The event, which took place on on Friday, March 24 as part of International Women’s Day month, was spearheaded by Afamasaga Jackie Curry and aims to connect Pacific businesswomen and entrepreneurs from Aotearoa, Australia, USA, and the Pacific region.
“Pacific women inspire and uplift each other through social interactions and working together – this is one of our unique strengths as Pacific women," Afamasaga says.
And while the event glittered with big names like Mena founder Fonoti Agnes Loheni and style icon Nora Swann, as the Pacific Pay Gap Inquiry has shown, Pacific women face the greatest challenges when it comes to increasing their incomes and livelihoods reports PMN News.
A recently released report by the Human Rights Commission has found that for every dollar a Pākehā man makes in New Zealand, Pacific women earn just 75 cents.
“Pacific women earn, on average, $24,671 less than Pākehā men – that’s $474 a week. Due to the pay gap, Pacific women are effectively working for free from October till the end of the year,” the Equal Employment Opportunities Commissioner Saunoamaali’i Karanina Sumeo told media at the time of the report's release.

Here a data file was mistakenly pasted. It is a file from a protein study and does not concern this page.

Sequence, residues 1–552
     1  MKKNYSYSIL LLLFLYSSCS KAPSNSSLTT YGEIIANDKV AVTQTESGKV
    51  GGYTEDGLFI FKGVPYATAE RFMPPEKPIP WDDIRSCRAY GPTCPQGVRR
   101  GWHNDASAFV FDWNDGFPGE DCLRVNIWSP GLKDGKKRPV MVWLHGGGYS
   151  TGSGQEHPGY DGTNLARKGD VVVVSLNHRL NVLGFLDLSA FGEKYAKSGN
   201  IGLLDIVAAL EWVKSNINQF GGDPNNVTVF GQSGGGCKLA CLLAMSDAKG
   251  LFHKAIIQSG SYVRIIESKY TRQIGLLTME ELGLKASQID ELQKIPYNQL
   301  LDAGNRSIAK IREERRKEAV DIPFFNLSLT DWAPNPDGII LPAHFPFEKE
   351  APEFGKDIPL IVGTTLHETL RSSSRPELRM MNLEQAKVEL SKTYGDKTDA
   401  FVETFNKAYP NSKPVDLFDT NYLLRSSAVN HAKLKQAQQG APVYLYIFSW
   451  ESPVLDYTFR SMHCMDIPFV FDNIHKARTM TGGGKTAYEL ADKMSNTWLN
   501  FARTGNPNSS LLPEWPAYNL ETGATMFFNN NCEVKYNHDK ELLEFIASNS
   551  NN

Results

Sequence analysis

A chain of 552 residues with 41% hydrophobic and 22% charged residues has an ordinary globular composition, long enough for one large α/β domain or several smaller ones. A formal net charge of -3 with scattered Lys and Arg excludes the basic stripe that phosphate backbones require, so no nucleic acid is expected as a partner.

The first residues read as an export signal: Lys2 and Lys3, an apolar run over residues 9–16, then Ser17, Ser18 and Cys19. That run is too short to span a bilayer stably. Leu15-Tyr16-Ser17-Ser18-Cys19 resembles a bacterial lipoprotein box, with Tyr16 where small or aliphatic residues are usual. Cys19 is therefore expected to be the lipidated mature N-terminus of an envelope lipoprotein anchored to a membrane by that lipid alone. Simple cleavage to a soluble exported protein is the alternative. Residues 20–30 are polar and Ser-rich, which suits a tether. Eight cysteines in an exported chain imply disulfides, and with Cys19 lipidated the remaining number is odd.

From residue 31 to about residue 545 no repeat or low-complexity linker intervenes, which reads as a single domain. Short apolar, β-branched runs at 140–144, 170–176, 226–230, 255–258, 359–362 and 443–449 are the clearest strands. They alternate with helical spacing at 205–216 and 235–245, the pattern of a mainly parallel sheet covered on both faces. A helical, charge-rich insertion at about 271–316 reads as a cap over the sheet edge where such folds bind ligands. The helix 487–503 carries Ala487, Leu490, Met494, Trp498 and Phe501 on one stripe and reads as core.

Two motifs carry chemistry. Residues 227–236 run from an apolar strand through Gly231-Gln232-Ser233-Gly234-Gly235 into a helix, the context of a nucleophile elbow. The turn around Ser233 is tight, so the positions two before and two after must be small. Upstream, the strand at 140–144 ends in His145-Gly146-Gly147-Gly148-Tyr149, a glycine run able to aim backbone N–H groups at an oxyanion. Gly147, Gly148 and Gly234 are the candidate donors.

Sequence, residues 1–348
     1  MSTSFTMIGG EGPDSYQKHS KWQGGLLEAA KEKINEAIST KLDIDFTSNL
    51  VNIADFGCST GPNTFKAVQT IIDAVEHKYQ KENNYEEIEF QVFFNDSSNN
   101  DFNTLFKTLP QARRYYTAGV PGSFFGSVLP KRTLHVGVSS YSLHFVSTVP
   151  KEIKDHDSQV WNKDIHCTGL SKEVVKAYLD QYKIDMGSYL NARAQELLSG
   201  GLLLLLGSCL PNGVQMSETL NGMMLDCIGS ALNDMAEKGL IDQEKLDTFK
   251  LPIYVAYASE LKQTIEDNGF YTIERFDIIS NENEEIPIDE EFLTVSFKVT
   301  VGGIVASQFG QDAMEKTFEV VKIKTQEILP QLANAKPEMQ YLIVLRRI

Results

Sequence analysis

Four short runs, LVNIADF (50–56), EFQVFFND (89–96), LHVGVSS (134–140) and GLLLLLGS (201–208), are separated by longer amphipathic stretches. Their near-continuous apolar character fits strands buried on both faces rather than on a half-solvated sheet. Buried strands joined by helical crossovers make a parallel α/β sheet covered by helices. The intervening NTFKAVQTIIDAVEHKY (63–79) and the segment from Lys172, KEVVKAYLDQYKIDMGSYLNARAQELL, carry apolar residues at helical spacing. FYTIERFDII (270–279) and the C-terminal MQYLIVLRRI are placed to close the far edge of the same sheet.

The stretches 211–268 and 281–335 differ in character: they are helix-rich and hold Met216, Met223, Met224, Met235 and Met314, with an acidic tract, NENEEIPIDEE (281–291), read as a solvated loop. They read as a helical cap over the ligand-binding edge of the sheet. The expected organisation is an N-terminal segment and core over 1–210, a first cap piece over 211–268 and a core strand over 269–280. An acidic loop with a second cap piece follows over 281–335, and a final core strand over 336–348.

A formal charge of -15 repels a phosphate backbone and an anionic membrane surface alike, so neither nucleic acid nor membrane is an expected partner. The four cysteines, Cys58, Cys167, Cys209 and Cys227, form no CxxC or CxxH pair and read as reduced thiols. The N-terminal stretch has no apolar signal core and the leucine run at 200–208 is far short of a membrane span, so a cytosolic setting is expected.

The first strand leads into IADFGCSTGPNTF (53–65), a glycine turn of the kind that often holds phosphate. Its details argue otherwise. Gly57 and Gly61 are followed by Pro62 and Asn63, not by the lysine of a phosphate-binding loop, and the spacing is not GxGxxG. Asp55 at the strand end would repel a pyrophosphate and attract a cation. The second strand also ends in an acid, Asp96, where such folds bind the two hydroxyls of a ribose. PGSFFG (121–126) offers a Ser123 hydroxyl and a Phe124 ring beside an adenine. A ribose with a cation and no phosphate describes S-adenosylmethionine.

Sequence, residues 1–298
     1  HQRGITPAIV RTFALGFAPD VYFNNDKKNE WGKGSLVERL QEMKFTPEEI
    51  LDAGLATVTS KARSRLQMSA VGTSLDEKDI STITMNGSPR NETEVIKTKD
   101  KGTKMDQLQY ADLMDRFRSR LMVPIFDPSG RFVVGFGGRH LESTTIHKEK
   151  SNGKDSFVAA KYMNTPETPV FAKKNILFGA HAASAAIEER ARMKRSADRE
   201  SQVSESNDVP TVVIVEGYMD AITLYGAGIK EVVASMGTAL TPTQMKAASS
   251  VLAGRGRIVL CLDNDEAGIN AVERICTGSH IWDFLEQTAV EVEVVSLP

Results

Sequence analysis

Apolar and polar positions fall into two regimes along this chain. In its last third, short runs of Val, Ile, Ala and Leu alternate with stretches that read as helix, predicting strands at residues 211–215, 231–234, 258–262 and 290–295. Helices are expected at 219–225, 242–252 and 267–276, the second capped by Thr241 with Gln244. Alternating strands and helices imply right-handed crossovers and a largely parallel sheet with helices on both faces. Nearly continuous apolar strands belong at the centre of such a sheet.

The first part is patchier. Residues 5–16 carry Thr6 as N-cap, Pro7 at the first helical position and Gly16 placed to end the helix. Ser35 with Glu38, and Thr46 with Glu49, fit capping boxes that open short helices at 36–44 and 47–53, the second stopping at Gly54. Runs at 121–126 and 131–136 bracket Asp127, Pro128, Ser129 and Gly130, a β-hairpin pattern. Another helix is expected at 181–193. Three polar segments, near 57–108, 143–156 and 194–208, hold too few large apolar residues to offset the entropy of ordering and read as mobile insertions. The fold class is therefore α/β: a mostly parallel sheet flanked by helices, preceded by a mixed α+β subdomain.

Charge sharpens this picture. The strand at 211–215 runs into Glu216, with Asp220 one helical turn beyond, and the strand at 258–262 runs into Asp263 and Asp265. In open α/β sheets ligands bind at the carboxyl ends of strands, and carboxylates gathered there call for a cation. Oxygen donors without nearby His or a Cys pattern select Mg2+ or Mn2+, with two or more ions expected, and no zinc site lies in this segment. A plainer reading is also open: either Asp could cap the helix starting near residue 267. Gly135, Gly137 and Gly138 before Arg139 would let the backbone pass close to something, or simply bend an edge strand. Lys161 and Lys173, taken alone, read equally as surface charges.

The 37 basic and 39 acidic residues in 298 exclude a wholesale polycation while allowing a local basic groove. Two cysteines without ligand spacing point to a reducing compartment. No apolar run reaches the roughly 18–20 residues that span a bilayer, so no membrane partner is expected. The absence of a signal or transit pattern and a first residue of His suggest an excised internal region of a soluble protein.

The report outlined a myriad factors that contribute to the fraught economic position Pacific women face, with some citing that having a Pacific name is a barrier as well as some experiencing discrimination when it comes to negotiating pay rates and pay rises
While some are seeing an upturn in salary rates, Afamasaga is adamant that connecting through a supportive community of likeminded entrepreneurs can be part of creating further change.
“We need to host more events and deliver more services for Pacific business women which cater to the needs of our women," she says.
"This will lead to more women starting businesses, and growing and thriving in business.
"And many Pacific women are now taking steps forward post-Covid, to bring these business dreams into fruition."